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Learning with Texts in English Language Arts

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  • 1. Learning  With  Text  in  English  Language  Arts  Troy  Hicks  Central  Michigan  University  AERA  2012  
  • 2. What’s  wrong  with  this  picture?  
  • 3. Three  Literacy  Frameworks  •  Func>onal  –  “reflected  in  a  curriculum  that  teaches  students   the  skills  deemed  necessary  to  successfully  par>cipate  in   school  and  society”  •  Cultural  –  “teaching  of  morals  and  values,  with  a  curriculum   that  includes  the  classics  or  ‘Great  Books’”  •  Progressive  –  “engage  in  the  process  of  learning  to  read  and   write  based  on  themes  and  topics  of  interest  to  students,  with   vocabulary  related  to  their  lives”  Cadiero-­‐Kaplan,  K.  (2002).  Literacy  Ideologies:  Cri>cally  Engaging  the  Language  Arts   Curriculum.  Language  Arts,  79(5),  372–381.    
  • 4. Three  (Other)  Frameworks  Kucer,  S.  B.  (2001).  Dimensions  of  literacy:  a  conceptual  base  for  teaching   reading  and  wri9ng  in  school  se:ngs.  Psychology  Press.  “[i]f  literacy  educa>on  is  to  be  effec>ve,  it  is  important  that  literacy  be   conceived  as  dynamic  and  mul>dimensional  in  nature”    Lankshear,  C.,  &  Knobel,  M.  (2007).  New  Literacies:  Everyday  Prac9ces  and   Classroom  Learning  (2nd  Ed.).  Berkshire,  England/New  York,  NY:  Open   University  Press/McGraw-­‐Hill.  “different  (new)  ways  of  thinking  about  the  world  and  responding  to  it”    The  New  London  Group.  A  pedagogy  of  mul$literacies:  Designing  social   futures.  In  B.  Cope  &  M.  Kalantzis  (Eds.),  Mul9literacies:  Literacy   learning  and  the  design  of  social  futures  (pp.  9-­‐37).  London  ;  New  York:   Routledge.  “Texts  are  designed  using  the  range  of  historically  available  choices  among   different  modes  of  meaning”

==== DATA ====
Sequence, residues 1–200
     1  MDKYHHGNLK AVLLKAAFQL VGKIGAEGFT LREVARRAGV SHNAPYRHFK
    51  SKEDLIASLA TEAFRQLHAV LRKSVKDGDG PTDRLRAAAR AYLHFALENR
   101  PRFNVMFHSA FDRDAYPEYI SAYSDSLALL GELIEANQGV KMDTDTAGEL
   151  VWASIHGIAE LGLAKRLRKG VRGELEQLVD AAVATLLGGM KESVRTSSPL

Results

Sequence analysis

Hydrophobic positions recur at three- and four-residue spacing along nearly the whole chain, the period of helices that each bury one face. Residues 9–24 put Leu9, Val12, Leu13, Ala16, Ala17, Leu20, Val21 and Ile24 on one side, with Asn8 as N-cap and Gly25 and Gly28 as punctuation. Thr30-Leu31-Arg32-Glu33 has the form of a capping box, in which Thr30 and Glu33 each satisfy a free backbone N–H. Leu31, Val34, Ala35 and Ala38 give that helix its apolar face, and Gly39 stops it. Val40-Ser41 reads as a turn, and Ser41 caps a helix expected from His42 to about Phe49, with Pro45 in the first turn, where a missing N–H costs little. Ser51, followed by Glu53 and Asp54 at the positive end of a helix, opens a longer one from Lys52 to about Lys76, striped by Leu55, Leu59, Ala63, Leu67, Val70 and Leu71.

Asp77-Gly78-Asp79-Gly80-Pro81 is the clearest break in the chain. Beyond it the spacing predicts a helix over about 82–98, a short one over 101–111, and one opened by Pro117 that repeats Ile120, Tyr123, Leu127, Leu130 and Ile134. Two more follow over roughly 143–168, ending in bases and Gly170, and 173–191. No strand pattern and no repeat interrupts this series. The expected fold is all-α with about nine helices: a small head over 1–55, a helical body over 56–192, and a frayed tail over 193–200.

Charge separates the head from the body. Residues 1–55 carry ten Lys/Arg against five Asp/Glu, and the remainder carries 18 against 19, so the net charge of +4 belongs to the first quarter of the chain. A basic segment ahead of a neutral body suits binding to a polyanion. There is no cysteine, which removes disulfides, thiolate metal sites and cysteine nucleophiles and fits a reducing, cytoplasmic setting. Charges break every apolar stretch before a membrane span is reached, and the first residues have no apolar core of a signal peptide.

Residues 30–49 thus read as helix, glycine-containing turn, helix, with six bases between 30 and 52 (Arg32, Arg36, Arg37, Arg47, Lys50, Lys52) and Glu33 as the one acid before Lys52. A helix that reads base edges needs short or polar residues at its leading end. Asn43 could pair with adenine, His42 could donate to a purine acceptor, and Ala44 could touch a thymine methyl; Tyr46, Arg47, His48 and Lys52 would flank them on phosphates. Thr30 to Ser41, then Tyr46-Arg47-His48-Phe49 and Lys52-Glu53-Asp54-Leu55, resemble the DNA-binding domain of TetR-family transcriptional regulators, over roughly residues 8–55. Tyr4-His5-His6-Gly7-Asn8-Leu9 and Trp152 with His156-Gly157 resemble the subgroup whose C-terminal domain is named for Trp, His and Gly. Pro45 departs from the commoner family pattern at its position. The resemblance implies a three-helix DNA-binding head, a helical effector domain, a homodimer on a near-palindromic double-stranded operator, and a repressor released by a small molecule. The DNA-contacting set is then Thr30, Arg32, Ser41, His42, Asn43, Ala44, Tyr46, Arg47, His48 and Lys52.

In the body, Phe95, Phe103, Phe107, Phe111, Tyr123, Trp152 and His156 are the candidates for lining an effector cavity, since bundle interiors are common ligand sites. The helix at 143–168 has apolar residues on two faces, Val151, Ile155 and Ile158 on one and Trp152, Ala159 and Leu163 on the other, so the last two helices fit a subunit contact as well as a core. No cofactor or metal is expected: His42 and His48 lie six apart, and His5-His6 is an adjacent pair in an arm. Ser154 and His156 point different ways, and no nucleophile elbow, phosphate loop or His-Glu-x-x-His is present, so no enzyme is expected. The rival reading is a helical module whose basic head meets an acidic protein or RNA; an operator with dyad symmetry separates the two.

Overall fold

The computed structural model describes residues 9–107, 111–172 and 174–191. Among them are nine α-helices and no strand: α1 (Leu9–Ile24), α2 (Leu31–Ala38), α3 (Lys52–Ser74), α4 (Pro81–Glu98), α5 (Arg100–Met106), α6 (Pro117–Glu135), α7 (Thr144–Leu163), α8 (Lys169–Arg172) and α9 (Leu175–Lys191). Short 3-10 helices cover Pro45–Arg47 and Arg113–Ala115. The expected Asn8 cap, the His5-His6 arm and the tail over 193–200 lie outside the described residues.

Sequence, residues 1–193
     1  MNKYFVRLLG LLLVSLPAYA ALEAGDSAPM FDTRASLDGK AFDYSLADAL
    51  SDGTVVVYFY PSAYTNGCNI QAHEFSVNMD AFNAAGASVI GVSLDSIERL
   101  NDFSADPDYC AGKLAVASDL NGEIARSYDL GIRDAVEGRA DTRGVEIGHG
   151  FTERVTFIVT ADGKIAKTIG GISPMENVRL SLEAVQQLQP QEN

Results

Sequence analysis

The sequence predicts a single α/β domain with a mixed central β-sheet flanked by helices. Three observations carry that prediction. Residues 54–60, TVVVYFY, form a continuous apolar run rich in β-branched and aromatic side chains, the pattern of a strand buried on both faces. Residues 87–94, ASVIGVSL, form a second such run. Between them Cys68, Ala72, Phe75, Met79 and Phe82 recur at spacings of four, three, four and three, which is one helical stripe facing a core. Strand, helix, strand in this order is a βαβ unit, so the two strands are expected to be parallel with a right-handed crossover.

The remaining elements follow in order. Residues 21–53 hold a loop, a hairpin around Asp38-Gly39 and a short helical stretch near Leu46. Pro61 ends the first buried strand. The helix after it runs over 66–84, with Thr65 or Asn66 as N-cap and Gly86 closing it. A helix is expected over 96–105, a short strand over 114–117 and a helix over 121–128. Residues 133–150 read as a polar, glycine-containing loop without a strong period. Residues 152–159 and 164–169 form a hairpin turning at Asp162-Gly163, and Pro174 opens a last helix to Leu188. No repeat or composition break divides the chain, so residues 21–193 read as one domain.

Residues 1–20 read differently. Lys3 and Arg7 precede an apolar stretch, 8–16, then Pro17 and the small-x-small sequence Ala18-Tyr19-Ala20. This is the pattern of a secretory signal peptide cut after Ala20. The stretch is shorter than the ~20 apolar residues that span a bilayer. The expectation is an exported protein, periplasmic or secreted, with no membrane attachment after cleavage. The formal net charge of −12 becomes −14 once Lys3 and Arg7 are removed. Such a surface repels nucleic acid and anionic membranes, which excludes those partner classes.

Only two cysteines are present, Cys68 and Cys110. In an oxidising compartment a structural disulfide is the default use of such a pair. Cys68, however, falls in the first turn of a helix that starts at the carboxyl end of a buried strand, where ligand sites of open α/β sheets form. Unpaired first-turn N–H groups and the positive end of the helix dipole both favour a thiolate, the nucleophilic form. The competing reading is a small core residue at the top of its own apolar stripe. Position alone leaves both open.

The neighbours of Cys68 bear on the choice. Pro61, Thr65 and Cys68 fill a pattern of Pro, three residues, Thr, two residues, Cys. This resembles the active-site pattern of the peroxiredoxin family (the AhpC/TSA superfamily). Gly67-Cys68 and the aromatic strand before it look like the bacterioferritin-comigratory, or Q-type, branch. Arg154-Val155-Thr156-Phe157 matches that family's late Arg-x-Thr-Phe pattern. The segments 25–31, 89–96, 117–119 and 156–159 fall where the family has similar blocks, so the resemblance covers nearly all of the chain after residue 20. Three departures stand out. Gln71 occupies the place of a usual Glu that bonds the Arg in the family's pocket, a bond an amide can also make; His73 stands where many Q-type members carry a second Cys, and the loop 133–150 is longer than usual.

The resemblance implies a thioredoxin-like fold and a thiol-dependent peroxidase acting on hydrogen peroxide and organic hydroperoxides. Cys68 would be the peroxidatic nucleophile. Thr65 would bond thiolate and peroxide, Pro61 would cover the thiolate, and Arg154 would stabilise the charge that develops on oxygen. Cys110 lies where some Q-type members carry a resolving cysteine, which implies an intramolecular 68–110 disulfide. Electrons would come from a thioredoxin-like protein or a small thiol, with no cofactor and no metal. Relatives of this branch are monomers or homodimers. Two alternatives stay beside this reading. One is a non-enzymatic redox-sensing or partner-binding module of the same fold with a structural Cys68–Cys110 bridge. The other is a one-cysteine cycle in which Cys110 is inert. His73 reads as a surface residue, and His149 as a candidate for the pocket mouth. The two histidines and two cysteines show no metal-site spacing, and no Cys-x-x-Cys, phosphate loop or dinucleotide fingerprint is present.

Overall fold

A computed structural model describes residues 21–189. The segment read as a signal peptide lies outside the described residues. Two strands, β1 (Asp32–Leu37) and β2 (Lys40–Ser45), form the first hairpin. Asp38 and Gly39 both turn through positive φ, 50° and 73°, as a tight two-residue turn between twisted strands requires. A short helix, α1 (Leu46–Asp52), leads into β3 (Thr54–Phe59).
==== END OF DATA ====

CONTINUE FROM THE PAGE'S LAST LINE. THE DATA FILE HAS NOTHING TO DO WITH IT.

• 5. Kucer’s  Dimensions  of  Literacy  
  • 6. Knobel  and  Lankshear  
  • 7. New  London  Group  
  • 8. An  Integrative  Approach  •  For  Reading   •  Whole-­‐class  text   •  Literature  circles   •  SSR  (sustained  silent,  self-­‐selected  reading)  •  For  Wri>ng   •  Examining  mentor  texts   •  Inquiry-­‐based  research   •  Wri>ng  workshop  •  For  Listening  and  Speaking   •  Mul>media  composi>on   •  Project  and  porlolio-­‐based  assessment  
  • 9. Rethinking  Of  Mice  And  Men  •  Before  Reading   •  Develop  inquiry  ques>ons   •  Model  “think  alouds”  for  both  content  and  comprehension  •  During  Reading   •  Mini-­‐lessons  in  literary  devices  and  analysis   •  Text  pairing   •  Literature  circles  •  Amer  Reading   •  Dynamic  readings   •  Performa>ve  assessments   •  Mul>modal  composi>ons  
  • 10. Recommendations   •  For  Reading  and  Literature   •  Integrate  content  area  literacy  strategies  and  young  adult   literature   •  For  Wri>ng  and  Composi>on   •  Develop  skills  in  informa>onal  and  argumenta>ve  wri>ng,  not   just  responses  to  literature   •  Invite  mul>media  composi>on   •  For  Teaching  and  Learning   •  Create  inquiry-­‐driven  curriculum  and  instruc>on    Hicks,  T.,  &  Steffel,  S.  (2012).  Learning  with  Text  in  English/Language   Arts.  In  T.  L.  Jeoon  &  C.  Shanahan  (Eds.),  Adolescent  Literacy  in  the   Academic  Disciplines  General  Principles  and  Prac9cal  Strategies.   Guilford  Press.  Print.    
  • 11. Image  Credits  •  Of  Mice  and  Men  Book  Cover  and  Movie  Poster:  Wikipedia  •  Teacher  Photo:   hop://www.prm.eku.edu/Update/photos/2006-­‐oct-­‐02/ try_teaching5.jpg  •  Wri>ng  Photo:   hop://www.monash.edu.au/lls/llonline/assets/images/ wri>ng/essay/home.jpg  •  Kucer  Cover:   hop://img51.imageporter.com/i/00354/1vdstv2>zk_t.jpg  •  Knobel  and  Lankshear  Chart:   hop://borderland.northernattude.org/wp-­‐content/ posts_images/mindsets.gif  •  New  London  Group  Chart:   hop://wik.ed.uiuc.edu/images/0/02/Mul>modal.jpg